Do you know who your customer is? Do you really? And if you run any sort of blog or content-based website, do you know who your reader is? Do you really?
It may sound like simple enough of a question, but you find that far too many blogs and businesses go about this issue in entirely the wrong kind of way. This is especially true when you’re first starting out and your desperate to have anybody buy your products or read your blog posts. A sale is a sale is a sale, just as a reader is a reader is a reader, right?
A Shocking Difference
One fundamental question that you’ll need to ask yourself, as you can probably guess from the title of this blog post, is whether you want to market yourself to beginners or to experts. Allow me to illustrate with an example.
Here in Vancouver, there are a couple of terrific electronics shops on Main Street. For people who like to tinker with switches and relays and wires and circuits, Lee’s Electronics cannot be beat. They’ve got all of these little components for whatever project you may have.
But this is not a shop for beginners. The overwhelming majority of the items on sale at Lee’s lack any sort of proper retail packaging; they’re just in little ziploc bags with a price tag. If you don’t know exactly what component you need, you’re going to feel a little lost. Lee’s isn’t marketing itself to beginners.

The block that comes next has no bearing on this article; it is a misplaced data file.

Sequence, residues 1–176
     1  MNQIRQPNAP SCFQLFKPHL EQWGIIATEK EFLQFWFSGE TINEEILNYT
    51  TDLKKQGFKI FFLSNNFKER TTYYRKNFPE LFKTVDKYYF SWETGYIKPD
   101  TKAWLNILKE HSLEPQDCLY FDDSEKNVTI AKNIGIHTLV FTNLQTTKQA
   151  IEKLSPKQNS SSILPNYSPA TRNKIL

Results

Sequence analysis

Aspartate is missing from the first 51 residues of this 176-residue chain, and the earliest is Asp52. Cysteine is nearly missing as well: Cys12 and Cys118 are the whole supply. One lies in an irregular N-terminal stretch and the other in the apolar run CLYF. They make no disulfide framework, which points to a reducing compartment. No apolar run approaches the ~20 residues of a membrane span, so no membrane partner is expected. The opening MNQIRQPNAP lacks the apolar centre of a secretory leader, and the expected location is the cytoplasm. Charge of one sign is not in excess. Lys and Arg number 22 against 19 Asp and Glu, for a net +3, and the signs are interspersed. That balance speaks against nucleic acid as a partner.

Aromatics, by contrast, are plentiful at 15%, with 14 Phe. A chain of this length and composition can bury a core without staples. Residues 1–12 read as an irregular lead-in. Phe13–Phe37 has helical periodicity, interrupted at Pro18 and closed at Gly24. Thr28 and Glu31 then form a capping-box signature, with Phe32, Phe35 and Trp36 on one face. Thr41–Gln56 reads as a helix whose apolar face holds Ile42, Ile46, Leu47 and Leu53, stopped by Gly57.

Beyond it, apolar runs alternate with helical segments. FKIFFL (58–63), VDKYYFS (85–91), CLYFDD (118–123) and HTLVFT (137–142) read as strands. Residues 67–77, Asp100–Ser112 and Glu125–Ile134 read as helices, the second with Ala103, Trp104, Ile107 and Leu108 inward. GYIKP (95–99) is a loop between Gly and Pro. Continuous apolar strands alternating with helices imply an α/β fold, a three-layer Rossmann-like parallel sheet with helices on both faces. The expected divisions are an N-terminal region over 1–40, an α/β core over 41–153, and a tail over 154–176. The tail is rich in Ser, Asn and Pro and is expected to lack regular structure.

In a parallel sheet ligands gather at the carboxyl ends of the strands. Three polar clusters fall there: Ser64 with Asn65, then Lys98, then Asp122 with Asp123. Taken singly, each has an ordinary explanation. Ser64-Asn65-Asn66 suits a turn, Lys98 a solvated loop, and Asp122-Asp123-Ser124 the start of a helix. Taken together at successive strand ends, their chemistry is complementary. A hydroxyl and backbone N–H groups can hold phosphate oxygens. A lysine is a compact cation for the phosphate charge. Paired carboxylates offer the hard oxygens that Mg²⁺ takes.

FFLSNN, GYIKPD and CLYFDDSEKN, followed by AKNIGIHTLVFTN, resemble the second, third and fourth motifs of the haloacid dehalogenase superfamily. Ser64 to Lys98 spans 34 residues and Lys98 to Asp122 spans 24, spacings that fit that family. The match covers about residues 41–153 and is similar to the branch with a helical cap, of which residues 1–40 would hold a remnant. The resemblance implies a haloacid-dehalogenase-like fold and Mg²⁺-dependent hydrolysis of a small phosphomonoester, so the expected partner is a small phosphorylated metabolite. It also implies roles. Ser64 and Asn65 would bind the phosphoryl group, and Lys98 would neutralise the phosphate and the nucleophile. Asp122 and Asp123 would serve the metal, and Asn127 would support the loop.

A novice who may not be as comfortable around all these components will probably want more guidance. He’ll probably want more instructions, laid out in plain English with minimal jargon. That’s a different kind of customer. He’ll want more customer service; Lee’s is much more about grabbing, paying and going. He’ll want more advice.
Meeting a Reader at Their Level
The same kind of mentality needs to apply when you’re running a blog, regardless of the topic or niche that you want to approach. If you write blog posts that are geared more toward beginners, they need to have less lingo and need to be simpler to understand. If you market your blog to experts, they’ll be turned off by these “beginner” posts since they’ll think they’re too low-level, too basic.
If you write blog posts that are more technical and more advanced, they’ll be geared more toward experts. They’ll want the posts to be more in-depth and to feature more advanced information. If you market your blog to beginners, they’ll be turned off by these “expert” posts since the content will go sailing clear over their head. It can feel far too intimidating and scary.
And the Master of None
Before you think that writing a combination of the two is the best way to go, consider that you may end up alienating both audiences and lose your readership entirely. It’s far better to go in with a laser focus, at least at first, to develop a strong fan following. Market to beginners or to experts, not to both.
And you can’t market effectively until you decide for yourself who your ideal customer is or what is the target demographic for your readership is. Are they people who are just learning about the possibilities of making money online or are they long-time veterans of Warrior Forum? Do you need to explain affiliate marketing to them or are they looking for how they can take their existing campaigns to the next level?